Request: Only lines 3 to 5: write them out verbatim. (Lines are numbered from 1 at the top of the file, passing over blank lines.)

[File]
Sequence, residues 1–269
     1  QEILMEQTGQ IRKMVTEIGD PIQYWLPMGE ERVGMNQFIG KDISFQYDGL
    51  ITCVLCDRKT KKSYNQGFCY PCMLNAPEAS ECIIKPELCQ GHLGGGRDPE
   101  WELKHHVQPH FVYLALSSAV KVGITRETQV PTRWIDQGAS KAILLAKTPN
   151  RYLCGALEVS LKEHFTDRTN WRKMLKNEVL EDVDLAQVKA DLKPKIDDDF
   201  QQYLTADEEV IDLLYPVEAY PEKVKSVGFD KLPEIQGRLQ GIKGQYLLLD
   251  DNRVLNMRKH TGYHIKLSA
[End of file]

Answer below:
    51  ITCVLCDRKT KKSYNQGFCY PCMLNAPEAS ECIIKPELCQ GHLGGGRDPE
   101  WELKHHVQPH FVYLALSSAV KVGITRETQV PTRWIDQGAS KAILLAKTPN
   151  RYLCGALEVS LKEHFTDRTN WRKMLKNEVL EDVDLAQVKA DLKPKIDDDF